The main difference between Campylobacter and Helicobacter is that Campylobacter has unipolar or bipolar flagella whereas Helicobacter has multiple polar flagella.
Campylobacter and Helicobacter are two types of Gram-negative, helical bacteria. Generally, both are disease-causing bacteria.
Key Areas Covered
- What is Campylobacter
- Definition, Characteristics, Importance
- What is Helicobacter
- Definition, Characteristics, Importance
- Similarities Between Campylobacter and Helicobacter
- Outline of Common Features
- Difference Between Campylobacter and Helicobacter
- Comparison of Key Differences
What is Campylobacter
Campylobacter is a genus of Gram-negative, curved-shaped bacteria. Generally, these bacteria have a comma-shape or S-shape. Campylobacter is motile with unipolar or bipolar, unsheathed flagella. However, these bacteria can infect humans causing campylobacteriosis, a diarrhoeal disease. Normally, antibacterial therapy is not necessary except in severe cases. The most common source of Campylobacter is poultry. In addition, it can transmit through water and food.
Furthermore, the symptoms of Campylobacter disease are not distinctive to differentiate it from other enteric pathogens. Symptoms range from mild gastrointestinal distress lasting 24 hours to fulminating or relapsing colitis that mimics ulcerative colitis or Crohn’s disease. Predominantly, the symptoms of Campylobacter disease are diarrhea, abdominal pain, fever, nausea, and vomiting. However, most patients recover within a week.
What is Helicobacter
Helicobacter is a Gram-negative bacterium with a spiral shape. These bacteria mainly occur in the stomach. Their helical shape may help to penetrate the mucoid lining of the stomach, thereby aiding infection. However, the main feature of Helicobacter is that the bacterium is associated with cancer of the mucosa-associated lymphoid tissue in the stomach, esophagus, colon, rectum, or tissues around the eye. Sometimes, it causes gastritis (stomach inflammation).
Moreover, gastritis cause ulcers in the stomach and the upper parts of the small intestine. The infection is associated with several cancers. However, one of the most important features is that Helicobacter lives on the luminal surface of mucus-secreting cells and within gastric pits, but does not invade tissue.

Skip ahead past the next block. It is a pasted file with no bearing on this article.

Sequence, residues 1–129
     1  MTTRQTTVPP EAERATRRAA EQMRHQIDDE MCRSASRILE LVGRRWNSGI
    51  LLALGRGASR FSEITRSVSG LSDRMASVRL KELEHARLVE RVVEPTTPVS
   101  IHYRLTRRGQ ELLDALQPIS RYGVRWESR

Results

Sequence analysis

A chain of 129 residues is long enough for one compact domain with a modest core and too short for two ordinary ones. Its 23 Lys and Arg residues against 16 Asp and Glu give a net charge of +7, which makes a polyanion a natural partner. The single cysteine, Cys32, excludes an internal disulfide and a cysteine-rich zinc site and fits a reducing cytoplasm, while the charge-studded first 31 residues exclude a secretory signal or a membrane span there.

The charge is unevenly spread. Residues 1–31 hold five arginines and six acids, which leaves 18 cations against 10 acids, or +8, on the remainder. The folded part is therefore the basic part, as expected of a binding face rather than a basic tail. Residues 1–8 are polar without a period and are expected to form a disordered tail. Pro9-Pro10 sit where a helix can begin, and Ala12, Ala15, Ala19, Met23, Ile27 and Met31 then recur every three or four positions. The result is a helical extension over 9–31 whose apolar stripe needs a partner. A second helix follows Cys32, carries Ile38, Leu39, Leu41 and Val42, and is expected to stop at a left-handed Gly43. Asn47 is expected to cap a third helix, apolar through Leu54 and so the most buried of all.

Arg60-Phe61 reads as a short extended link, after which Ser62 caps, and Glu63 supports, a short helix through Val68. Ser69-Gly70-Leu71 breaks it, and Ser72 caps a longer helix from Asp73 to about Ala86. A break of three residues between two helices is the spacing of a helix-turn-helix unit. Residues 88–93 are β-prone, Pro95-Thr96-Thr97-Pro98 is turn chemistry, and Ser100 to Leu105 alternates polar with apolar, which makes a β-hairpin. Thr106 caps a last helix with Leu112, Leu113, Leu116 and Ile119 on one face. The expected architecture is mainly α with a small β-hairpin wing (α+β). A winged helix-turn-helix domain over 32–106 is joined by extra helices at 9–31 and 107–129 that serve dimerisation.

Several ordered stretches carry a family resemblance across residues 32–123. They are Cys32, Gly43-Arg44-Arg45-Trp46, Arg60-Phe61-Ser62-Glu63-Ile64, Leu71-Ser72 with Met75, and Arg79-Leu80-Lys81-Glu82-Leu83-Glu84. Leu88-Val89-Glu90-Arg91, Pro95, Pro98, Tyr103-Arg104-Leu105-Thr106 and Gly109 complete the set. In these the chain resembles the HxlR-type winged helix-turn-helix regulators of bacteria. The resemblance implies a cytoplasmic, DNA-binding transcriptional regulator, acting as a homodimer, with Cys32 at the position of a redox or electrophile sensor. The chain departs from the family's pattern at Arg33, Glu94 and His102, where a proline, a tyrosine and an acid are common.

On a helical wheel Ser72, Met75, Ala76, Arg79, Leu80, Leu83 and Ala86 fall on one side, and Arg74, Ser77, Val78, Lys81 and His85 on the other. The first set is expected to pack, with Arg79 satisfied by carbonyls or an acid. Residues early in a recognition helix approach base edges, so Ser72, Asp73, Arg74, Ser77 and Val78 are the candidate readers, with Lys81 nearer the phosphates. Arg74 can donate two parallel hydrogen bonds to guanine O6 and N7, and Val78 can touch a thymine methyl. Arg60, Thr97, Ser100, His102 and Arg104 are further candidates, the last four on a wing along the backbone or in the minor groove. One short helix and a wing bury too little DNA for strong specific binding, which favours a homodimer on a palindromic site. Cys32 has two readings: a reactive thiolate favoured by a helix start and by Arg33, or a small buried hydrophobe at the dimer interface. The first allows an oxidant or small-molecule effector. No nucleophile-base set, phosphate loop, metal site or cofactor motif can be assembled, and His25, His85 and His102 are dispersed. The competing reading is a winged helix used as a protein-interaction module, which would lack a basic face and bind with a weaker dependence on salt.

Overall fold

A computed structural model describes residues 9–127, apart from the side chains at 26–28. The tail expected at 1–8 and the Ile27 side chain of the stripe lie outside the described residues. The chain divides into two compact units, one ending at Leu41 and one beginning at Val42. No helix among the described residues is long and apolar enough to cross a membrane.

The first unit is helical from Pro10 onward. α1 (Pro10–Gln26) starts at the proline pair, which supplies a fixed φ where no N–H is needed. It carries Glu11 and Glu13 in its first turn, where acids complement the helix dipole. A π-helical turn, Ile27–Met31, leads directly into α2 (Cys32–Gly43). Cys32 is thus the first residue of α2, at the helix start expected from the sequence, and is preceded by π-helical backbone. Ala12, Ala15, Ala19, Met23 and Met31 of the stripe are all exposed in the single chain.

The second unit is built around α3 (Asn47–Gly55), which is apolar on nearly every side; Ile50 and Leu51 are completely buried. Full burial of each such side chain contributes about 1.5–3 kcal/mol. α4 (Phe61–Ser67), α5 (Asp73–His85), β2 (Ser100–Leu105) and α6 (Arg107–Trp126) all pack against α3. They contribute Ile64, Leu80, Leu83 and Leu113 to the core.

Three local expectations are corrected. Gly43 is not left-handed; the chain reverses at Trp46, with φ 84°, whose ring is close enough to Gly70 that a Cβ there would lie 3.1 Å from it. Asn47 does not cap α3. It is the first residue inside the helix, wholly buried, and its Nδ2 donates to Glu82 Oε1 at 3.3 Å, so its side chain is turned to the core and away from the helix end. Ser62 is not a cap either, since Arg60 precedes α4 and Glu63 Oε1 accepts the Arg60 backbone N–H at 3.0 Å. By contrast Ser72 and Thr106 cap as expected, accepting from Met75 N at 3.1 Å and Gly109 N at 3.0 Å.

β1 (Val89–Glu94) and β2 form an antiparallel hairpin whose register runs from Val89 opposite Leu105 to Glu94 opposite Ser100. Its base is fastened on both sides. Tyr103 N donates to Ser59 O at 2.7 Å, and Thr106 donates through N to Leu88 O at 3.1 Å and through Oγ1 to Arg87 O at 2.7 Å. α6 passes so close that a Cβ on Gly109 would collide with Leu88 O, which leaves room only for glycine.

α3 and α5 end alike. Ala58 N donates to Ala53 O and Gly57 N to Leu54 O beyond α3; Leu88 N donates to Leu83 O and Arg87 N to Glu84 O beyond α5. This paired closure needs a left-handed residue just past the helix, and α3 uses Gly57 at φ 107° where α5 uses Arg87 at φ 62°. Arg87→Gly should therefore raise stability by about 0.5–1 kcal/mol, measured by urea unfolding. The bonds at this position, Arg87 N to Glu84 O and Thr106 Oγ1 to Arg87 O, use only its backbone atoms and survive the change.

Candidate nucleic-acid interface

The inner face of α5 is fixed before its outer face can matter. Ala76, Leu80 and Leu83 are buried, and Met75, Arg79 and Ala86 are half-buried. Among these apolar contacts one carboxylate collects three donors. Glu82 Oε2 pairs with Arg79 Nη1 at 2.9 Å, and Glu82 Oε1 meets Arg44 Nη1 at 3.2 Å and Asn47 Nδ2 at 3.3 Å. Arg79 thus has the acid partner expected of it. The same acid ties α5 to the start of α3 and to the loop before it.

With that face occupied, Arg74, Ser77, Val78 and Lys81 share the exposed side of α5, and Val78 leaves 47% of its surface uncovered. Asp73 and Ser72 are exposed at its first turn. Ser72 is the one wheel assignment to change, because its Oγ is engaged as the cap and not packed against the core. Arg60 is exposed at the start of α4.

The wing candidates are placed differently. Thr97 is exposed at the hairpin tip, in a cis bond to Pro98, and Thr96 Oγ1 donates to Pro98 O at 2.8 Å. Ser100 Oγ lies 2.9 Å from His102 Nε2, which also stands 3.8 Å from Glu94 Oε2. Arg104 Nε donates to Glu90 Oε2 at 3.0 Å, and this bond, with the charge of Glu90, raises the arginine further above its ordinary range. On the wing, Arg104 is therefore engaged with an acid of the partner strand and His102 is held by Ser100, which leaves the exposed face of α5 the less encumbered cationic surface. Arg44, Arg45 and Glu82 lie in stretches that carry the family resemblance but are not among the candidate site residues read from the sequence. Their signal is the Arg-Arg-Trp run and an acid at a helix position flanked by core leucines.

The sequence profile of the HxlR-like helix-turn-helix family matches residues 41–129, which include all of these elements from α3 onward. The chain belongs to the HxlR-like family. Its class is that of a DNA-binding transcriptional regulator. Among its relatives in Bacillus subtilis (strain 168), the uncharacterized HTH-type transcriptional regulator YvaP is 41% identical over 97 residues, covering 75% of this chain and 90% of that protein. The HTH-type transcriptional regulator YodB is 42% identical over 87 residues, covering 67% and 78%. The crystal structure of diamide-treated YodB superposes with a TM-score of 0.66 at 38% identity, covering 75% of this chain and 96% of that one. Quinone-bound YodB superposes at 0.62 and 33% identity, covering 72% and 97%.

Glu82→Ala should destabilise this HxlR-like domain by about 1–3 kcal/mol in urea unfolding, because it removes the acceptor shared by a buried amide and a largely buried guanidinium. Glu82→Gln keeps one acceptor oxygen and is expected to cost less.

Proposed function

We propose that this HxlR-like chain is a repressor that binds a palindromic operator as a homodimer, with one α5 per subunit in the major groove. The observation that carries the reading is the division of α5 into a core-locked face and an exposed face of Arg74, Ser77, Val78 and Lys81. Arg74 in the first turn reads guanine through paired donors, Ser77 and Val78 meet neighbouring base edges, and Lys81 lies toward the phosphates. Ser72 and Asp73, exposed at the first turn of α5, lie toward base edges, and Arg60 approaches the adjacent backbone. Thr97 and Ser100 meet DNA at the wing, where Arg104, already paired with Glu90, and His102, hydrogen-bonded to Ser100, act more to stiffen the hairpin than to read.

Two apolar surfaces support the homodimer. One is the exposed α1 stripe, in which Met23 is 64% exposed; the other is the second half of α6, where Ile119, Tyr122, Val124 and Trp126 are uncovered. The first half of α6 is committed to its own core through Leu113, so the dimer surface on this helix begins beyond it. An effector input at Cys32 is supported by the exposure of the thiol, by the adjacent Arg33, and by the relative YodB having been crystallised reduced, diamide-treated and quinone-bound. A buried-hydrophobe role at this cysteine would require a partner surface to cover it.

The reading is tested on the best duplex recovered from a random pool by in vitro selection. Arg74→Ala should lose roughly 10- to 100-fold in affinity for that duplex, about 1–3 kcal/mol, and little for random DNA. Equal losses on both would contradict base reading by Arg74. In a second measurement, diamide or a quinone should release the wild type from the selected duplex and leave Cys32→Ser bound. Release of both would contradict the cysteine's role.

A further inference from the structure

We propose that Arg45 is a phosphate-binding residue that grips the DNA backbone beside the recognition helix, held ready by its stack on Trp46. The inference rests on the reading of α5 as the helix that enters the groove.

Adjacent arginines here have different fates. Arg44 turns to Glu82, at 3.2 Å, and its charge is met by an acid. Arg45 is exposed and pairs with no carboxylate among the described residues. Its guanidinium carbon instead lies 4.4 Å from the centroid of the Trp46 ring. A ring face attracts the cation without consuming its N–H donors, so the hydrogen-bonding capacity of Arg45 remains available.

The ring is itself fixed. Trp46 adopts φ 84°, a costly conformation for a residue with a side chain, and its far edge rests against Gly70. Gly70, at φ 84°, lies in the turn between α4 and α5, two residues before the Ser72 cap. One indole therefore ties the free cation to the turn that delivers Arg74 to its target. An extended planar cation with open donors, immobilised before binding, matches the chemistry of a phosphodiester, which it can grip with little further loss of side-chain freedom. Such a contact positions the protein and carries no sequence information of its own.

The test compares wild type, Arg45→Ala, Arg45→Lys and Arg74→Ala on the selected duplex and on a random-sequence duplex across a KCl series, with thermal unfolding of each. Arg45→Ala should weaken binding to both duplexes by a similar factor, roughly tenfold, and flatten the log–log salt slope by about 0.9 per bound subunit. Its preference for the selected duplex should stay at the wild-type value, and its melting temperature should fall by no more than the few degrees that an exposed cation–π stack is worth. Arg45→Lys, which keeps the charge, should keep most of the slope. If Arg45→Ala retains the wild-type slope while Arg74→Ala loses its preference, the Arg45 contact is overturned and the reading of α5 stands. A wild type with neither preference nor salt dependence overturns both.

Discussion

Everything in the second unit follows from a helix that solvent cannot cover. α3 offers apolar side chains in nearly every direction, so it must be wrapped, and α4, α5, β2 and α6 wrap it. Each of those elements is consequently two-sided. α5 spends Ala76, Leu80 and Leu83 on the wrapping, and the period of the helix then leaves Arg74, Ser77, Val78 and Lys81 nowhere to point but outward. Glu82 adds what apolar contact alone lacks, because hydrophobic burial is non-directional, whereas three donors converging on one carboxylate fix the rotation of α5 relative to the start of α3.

Similarities Between Campylobacter and Helicobacter
- Campylobacter and Helicobacter are two types of Gram-negative, helical bacteria.
- Both are motile and contain flagella.
- Both are Microaerophilic and require a lower level of dioxygen than present in the atmosphere for their optimal growth.
- They have complex nutritional requirements for growth.
- Usually, both types of bacteria are disease-causing.
Difference Between Campylobacter and Helicobacter
Campylobacter refers to a bacterium that may cause abortion in animals and food poisoning in humans, while Helicobacter refers to a type of bacterium that causes inflammation and ulcers in the stomach or small intestine.
Campylobacter is a motile rod with unipolar or bipolar, unsheathed flagella while Helicobacter is a curved rod with multiple polar, sheathed flagella.
Campylobacter has a wrinkled surface while Helicobacter has a smooth surface.
Moreover, Campylobacter colonizes the small and large intestines, causing inflammatory diarrhea with fever while Helicobacter shelters from gastric acidity in the mucus layer, and a small proportion of cells adheres to the gastric epithelium.
Campylobacter causes acute gastroenteritis with diarrhea, abdominal pain, fever, nausea, and vomiting while Helicobacter causes chronic superficial gastritis (stomach inflammation), leading to gastric carcinoma and lymphoma.
Campylobacter is endemic while Helicobacter has a worldwide distribution.
In brief, Campylobacter and Helicobacter are two types of bacteria that are Gram-negative and helical. Generally, Campylobacter is a rod-shaped bacterium with unipolar or bipolar, unsheathed flagella. In contrast, Helicobacter is a curved rod-shaped bacterium with multiple polar, sheathed flagella. Campylobacter forms acute diseases while Helicobacter causes chronic diseases. Here, Campylobacter causes diarrhea, abdominal pain, fever, nausea, and vomiting, while Helicobacter causes gastric carcinoma and lymphoma. Therefore, the main difference between Campylobacter and Helicobacter is their structure and diseases.
- Perez-Perez GI, Blaser MJ. Campylobacter and Helicobacter. In: Baron S, editor. Medical Microbiology. 4th edition. Galveston (TX): University of Texas Medical Branch at Galveston; 1996. Chapter 23.
- “Immunohistochemical detection of Helicobacter pylori histopathology” By User:KGH – Own work (CC BY-SA 3.0) via Commons Wikimedia
- “ARS Campylobacter jejuni” By De Wood – Own Work (Public Domain) via Commons Wikimedia
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